Hey there,here, reviewing by on behalf of the Fanon Review Squad.
Avatar Tiros has encountered a new and puzzling character in the form of Melasa, a mysterious woman who now serves him. How will Melasa being a witch affect their partnership? While he is still trying to figure out her history, Tiros must settle disputes and chaos on the continent. Melasa has sworn servitude to Avatar Tiros, how far will she go to serve her new master?
I’ve actually enjoyed the four chapters that Dreams of Melasa has to offer; it is a refreshing and new perspective on the Avatar universe. Seriously, adding witches to the ancient world of Avatar shouldn’t work, but The Snowbold does a good job with the concept and makes it an entertaining read. That being said, I feel that there are some issues that seriously need to be addressed, and maybe they will in further chapters. On that note, on to the scores!
Story – 9.0: The story is looking to be intriguing and fresh. Notice that I say “looking”. As it is now, the four chapters we have been given hint at a larger story, but so far, it hasn’t come into its own yet.
Action – 8.5: The action scenes are quite descriptive, which is definitely a plus. Unfortunately, some of those descriptions are rather basic and repetitive. That said, most of this is within the first three chapters and can be corrected with some editing.
Writing – 8.8: Most of the problems I had with this stemmed from odd verb usage and some grammar and punctuation issues. To elaborate on the first point, several times I found myself reading a sentence and wondering “does that verb really work, or does it sound as awkward as I think it does?”
Creativity – 9.5: I could not find fault with the concept of witches and spirit weapons; that just gives me a story begging to be read. However, the whole “Avatar trying to master the elements” thing is a little tired by now.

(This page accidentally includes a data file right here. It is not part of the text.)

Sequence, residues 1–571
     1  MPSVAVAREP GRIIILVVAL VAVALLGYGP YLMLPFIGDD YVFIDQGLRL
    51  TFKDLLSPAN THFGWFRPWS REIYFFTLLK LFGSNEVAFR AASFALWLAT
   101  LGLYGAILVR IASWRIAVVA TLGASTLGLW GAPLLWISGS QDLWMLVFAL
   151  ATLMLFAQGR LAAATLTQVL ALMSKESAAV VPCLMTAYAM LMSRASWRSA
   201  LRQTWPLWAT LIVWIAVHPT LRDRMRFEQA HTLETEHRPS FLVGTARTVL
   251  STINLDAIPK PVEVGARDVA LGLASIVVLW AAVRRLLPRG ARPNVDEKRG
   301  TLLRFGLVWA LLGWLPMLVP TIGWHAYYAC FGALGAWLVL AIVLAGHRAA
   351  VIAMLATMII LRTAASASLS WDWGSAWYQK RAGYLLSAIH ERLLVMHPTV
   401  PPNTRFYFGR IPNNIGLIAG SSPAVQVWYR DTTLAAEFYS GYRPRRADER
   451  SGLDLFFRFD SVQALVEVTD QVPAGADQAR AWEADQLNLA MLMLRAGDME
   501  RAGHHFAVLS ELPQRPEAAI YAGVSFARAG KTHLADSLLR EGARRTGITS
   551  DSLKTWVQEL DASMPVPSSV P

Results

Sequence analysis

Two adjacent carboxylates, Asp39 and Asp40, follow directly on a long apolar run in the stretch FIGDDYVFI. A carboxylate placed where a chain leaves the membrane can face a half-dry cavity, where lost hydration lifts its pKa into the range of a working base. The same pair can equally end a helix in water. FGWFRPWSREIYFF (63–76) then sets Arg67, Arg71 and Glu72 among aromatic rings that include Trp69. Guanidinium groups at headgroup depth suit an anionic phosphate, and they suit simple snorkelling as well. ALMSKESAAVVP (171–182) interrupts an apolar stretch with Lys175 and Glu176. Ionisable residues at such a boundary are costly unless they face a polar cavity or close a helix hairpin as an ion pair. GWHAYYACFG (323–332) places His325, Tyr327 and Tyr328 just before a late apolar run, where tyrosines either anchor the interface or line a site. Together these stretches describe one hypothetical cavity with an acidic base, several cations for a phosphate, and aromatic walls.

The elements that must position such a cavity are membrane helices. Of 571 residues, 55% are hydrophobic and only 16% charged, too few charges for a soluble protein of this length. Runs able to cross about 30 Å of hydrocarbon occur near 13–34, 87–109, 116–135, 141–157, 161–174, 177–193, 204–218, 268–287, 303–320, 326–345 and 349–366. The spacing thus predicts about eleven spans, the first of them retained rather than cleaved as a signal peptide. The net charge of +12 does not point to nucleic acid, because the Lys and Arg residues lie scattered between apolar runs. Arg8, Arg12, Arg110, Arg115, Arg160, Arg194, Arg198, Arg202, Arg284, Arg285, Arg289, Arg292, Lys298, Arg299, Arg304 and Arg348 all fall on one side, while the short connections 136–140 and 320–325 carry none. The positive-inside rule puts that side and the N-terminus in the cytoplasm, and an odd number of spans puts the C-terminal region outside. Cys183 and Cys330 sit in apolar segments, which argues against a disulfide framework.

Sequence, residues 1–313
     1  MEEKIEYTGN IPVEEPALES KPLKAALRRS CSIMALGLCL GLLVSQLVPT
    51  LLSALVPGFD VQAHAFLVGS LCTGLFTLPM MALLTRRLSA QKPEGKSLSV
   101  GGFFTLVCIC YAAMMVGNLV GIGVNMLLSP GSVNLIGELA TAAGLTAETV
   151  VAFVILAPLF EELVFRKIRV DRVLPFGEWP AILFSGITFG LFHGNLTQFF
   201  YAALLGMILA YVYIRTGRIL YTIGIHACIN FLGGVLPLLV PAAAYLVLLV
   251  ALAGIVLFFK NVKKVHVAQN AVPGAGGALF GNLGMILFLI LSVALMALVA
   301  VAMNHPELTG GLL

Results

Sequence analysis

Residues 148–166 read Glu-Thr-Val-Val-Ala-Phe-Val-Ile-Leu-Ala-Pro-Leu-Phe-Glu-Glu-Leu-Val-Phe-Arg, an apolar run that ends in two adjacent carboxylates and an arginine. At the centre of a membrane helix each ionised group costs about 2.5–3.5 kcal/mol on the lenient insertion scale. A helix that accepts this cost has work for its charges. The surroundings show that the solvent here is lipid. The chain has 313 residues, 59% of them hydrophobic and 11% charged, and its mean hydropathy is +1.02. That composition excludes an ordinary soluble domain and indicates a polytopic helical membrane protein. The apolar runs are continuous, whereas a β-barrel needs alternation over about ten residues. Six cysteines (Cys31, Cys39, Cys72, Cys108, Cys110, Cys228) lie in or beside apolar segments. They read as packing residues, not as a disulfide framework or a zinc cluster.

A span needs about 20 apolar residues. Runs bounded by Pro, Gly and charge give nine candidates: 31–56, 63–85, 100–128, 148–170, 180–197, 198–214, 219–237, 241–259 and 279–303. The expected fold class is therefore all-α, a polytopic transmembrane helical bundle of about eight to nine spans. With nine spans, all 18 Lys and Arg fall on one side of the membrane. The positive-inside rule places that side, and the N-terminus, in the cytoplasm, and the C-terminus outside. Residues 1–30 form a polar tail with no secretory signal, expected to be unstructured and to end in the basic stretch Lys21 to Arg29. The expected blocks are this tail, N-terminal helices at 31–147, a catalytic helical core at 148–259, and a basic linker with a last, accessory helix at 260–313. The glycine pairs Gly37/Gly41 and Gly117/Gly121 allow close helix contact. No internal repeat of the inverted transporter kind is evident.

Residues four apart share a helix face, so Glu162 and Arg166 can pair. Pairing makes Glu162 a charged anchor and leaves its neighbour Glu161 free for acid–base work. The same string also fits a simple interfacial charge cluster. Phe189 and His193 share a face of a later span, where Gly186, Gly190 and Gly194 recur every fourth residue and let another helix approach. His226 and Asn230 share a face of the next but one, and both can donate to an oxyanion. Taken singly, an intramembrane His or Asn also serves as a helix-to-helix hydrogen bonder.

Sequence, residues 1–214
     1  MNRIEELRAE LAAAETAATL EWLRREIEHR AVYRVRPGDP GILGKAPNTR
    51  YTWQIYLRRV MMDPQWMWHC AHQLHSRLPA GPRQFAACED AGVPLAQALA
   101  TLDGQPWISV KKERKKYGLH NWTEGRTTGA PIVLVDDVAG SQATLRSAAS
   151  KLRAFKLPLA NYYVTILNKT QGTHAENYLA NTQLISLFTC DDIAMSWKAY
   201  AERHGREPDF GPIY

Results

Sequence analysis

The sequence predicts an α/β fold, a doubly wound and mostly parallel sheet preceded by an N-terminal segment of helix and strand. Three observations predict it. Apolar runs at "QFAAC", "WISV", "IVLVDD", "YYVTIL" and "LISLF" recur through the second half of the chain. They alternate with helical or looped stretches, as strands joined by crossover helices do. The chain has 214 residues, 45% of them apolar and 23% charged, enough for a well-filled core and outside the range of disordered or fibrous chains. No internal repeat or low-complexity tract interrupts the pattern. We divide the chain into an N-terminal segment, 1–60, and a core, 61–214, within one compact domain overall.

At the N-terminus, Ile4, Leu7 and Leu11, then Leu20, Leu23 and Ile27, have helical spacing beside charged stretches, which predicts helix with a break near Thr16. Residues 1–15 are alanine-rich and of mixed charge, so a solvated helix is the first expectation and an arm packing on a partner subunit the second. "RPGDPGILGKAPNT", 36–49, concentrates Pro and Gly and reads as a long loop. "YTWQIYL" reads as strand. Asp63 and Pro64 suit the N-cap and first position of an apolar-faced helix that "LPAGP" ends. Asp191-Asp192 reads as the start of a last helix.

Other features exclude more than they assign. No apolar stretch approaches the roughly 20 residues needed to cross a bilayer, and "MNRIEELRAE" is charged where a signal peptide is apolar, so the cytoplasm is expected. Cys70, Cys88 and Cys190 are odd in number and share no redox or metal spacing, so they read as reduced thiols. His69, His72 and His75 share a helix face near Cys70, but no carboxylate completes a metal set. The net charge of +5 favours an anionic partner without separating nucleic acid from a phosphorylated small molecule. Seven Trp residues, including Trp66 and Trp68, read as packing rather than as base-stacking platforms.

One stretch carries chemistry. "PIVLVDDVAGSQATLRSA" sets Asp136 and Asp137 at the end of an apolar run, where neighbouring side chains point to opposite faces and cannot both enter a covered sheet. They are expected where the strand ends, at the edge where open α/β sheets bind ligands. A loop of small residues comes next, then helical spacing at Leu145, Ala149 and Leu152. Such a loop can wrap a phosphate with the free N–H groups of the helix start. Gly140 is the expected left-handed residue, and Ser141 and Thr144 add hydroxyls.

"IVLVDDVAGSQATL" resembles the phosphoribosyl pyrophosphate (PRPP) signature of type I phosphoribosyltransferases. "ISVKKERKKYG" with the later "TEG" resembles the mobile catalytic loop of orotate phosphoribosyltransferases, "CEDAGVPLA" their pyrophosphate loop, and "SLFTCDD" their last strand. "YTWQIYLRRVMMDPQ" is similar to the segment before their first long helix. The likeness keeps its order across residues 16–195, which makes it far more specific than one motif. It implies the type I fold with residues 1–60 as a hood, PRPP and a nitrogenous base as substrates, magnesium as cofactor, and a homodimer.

Believability – 7.5: I had no trouble believing the witches and magic weapons part, none at all. Character interactions—which will be detailed in the next section as well—make up the brunt of these problems.
Character Development – 6.0: This category is what I had the most trouble with. Even the fact that there are less than five chapters to its name does not automatically make this part a problem; even in a shorter fanon, I might be able to see the beginnings of something above average. The most noticeable issue, at first, is Avatar Tiros’ personality: he is a cookie cutter hero. He has no defining personality beyond “generic good guy”. But perhaps the part that truly lowered this score was Melasa herself. I expected going into this piece a bold, relatable female protagonist. Instead, what I found was a female protagonist who started out strong, but quickly became a servant, albeit a quirky one. Seriously, she tries to kill the Avatar for a pretty compelling reason, but (SPOILER!!!) as soon as he defeats her, she basically turns around and submits herself as a servant. This could work if it didn’t seem like she was already prepared for that role as a character, and by that I mean she takes to it immediately and with an almost sickening frequency (you hear the word ‘master’ a lot), despite the fact that her initial introduction would have us believe that she is not what she ends up becoming within two rather short chapters.
Average Score/Final Verdict – 8.2: I apologize if I came off as a tad harsh in that last section, but I truly expected more out of Melasa. She has a lot of potential, and so does her counterpart, Tiros. But so far it seems rather insulting to both of them at the moment. All that bad stuff aside, your writing is pretty good, and the concept of this story is incredible. If you work out the kinks and build up your characters, this could easily become a great piece.
Who should read Dreams of Melasa? Anyone looking for something that definitely sits outside of the fanon community’s general comfort zone should definitely read Dreams of Melasa.